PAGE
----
Disease is now a common word—we accept it, we believe it to be a part of life. How has this happened to us?

I cry even more, my sobs met by the sound of the noisy street. I kick back my feeling of defeat by wrapping myself with more compassion. NO one human being can fix the world. It’s all perception that there is no hope. This is my trauma speaking, feeling that I have failed in some way by not being sustainable enough in an un-sustainable world. This world has taught us to be dependent. How can we break free of this mold to realize our own potential?

My siblings and I are doing it in our own way. My inner wisdom of helping others have compassion for their stories starts to peek though.

We can only expand with the recognition of what we’re already doing.

In all fairness I’m building a sustainable life. I chose five years ago to start my own business. To become a writing coach and help others move through their fear to write their story. In the middle of a divorce, at one of the most challenging points in my life, I made a decision and stuck with it. I listened to my soul, first to write my story, then to own my story by showing up in the world with it, by holding the bitter sweetness of the cup of tea that requires us to drink if we are willing to share. Are we willing to be bold, brave, and vulnerable enough to share ourselves with others? I pull into my drive at this moment and get out of the car, noticing the green grass, the daisies popping up everywhere, the trees swaying in the wind.

For a moment I’m grateful. The concrete is still everywhere, but I have this one sacred little spot to rest. Maybe that’s all we all need, a scared spot to rest? I’m reminded of growing up in the woods with no air conditioning, but a cool place to sit in the shade under a tree. It breaks my heart that some of us don’t have that. How can we make it better?

I go inside and sit in the cool air. By choosing to live in the world I have the comfort of cool air, the comfort of food in my fridge, the comfort of loving people around me. Yes, there are many loving people. I let myself sit and realize that I’m changing. I’m doing the work, but it’s one step at a time. It’s takes a lot of effort to make my own world better, to grow my own food, to clean up my own environment by making better choices, to allow myself space to release my own trauma. It takes stillness and surrender. It takes awareness.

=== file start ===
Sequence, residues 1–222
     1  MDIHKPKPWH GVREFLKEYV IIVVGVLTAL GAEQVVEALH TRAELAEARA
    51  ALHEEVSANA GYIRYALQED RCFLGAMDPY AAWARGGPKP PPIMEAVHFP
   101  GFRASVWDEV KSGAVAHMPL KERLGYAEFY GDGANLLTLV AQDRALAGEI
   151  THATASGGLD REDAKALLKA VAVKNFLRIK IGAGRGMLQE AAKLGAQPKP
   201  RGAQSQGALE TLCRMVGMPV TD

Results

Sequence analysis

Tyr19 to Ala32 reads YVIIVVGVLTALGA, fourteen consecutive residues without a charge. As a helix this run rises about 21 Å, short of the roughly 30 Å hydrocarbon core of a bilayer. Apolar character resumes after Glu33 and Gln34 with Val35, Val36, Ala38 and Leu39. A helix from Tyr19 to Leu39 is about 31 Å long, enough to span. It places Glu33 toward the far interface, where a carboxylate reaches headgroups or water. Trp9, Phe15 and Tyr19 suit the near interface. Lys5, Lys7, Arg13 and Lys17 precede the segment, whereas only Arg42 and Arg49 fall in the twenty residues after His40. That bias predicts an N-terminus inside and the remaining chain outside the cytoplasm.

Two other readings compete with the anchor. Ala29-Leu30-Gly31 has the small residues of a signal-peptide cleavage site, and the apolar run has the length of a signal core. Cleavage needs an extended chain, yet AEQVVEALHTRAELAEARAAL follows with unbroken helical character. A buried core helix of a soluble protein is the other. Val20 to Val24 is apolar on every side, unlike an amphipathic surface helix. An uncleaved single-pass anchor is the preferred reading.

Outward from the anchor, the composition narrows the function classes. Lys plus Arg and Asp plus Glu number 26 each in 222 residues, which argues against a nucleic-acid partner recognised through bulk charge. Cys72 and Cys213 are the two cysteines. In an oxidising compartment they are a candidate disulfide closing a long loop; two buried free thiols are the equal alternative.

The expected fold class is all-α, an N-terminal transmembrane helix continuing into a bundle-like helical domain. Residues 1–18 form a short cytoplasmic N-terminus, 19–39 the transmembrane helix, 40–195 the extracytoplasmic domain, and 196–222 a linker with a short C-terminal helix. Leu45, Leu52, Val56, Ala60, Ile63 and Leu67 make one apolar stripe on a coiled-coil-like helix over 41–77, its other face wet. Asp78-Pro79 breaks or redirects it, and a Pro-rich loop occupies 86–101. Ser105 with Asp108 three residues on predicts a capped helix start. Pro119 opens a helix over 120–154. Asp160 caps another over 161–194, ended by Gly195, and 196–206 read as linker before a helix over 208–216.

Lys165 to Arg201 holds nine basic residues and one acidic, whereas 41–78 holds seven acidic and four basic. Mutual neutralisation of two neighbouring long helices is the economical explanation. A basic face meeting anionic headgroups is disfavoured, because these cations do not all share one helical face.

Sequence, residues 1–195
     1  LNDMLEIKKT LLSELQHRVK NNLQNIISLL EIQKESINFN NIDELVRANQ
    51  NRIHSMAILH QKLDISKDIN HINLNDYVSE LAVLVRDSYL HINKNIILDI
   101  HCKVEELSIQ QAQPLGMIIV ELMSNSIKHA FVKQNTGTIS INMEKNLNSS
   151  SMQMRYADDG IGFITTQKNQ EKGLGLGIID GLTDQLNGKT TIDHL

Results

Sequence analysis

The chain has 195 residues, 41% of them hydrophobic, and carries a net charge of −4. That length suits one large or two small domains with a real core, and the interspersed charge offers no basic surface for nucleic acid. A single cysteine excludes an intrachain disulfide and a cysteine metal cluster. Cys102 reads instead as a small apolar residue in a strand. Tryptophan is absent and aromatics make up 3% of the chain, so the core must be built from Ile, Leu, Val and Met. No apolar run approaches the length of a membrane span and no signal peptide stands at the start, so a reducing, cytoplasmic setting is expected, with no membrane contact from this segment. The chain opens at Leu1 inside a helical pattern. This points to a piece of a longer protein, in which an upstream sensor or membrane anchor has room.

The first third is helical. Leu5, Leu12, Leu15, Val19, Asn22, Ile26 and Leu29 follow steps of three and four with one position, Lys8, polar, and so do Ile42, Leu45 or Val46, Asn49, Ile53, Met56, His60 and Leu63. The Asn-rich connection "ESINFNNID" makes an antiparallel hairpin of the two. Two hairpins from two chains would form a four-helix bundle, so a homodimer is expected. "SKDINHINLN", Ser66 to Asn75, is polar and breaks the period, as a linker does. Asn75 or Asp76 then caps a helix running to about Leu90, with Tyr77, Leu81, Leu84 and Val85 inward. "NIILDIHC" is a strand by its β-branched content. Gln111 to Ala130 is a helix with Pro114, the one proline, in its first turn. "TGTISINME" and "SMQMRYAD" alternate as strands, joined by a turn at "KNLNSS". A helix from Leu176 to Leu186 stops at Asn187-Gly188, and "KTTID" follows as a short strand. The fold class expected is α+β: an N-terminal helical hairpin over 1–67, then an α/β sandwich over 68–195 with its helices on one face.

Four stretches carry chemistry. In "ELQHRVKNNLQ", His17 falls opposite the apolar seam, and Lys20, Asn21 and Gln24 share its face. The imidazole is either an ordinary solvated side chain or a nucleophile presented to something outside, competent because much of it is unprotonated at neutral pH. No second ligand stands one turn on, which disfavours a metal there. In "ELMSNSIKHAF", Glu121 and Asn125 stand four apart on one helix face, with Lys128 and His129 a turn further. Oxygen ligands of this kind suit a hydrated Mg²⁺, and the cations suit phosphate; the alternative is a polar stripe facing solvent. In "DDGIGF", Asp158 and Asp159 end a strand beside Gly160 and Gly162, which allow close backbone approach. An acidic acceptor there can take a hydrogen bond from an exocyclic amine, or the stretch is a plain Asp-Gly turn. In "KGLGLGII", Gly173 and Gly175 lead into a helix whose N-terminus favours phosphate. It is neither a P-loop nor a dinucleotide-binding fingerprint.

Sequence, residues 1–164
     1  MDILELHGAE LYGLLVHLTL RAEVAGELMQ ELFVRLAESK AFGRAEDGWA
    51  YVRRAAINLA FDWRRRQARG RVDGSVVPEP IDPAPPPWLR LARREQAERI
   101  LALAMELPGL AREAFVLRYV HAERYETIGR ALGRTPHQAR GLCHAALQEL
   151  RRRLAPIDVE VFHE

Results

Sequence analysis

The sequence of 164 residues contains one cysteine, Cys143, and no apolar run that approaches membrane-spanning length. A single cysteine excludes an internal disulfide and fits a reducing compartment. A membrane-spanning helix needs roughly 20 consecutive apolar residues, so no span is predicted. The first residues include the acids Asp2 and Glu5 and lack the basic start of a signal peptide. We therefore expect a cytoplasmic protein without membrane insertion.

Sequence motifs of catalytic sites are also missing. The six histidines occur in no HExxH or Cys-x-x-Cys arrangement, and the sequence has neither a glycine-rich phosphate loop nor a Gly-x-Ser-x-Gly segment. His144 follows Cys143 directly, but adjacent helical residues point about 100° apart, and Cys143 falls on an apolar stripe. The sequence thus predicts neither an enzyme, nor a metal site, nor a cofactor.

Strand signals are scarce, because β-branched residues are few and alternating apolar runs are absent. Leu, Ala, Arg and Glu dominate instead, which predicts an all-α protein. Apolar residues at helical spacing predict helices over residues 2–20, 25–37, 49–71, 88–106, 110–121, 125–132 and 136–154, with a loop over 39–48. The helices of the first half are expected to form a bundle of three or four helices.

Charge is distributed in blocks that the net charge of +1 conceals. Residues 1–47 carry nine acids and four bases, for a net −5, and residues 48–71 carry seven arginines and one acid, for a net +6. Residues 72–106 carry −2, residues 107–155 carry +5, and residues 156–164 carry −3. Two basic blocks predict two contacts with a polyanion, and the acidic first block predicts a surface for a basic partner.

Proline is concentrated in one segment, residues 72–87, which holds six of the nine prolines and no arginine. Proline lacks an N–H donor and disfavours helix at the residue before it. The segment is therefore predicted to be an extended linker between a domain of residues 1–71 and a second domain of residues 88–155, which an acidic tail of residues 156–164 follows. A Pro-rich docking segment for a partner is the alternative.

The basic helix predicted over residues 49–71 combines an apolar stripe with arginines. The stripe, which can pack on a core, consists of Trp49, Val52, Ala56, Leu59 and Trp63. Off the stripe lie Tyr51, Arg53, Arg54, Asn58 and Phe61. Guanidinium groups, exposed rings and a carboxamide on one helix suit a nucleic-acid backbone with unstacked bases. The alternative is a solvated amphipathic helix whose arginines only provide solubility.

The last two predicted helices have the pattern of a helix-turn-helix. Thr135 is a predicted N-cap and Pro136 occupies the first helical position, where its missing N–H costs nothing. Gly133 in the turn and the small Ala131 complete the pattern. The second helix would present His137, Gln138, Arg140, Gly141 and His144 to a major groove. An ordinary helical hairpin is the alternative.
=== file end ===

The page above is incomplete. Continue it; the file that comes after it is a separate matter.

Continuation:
What kind of choice can I decide on right now to make my life better? I can put good food in my body, keep the TV off, write this piece to connect with you, allow the sacred doves to gather round me in my time of grief.

My father’s bird was the dove. He sang about doves with a big smile, full of heart. His presence is a loving aura from the other side, a glowing light that holds the day when I get still. He tells me I have not failed. I’m finding my way. I’m learning how to brave the world in a whole new way. I’m not running away. I’m choosing to stay and connect in the midst of chaos. My tears are that river of truth that guide me to clarity, and that get me to the root of my unraveling emotion to show me a new way. Avoiding them, or judging them, blocks the full circle of emotion from birthing the inner wisdom that is helping us transcend the trauma cycle.


Chloe is the author of The Soulful Child: Twelve Years In The Wilderness...

To learn more about her, click here